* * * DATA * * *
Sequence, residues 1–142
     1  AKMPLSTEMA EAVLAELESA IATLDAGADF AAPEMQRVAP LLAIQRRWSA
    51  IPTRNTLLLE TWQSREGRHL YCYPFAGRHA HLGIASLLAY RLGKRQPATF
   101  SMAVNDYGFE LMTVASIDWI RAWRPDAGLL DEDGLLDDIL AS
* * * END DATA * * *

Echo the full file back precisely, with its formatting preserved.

Sequence, residues 1–142
     1  AKMPLSTEMA EAVLAELESA IATLDAGADF AAPEMQRVAP LLAIQRRWSA
    51  IPTRNTLLLE TWQSREGRHL YCYPFAGRHA HLGIASLLAY RLGKRQPATF
   101  SMAVNDYGFE LMTVASIDWI RAWRPDAGLL DEDGLLDDIL AS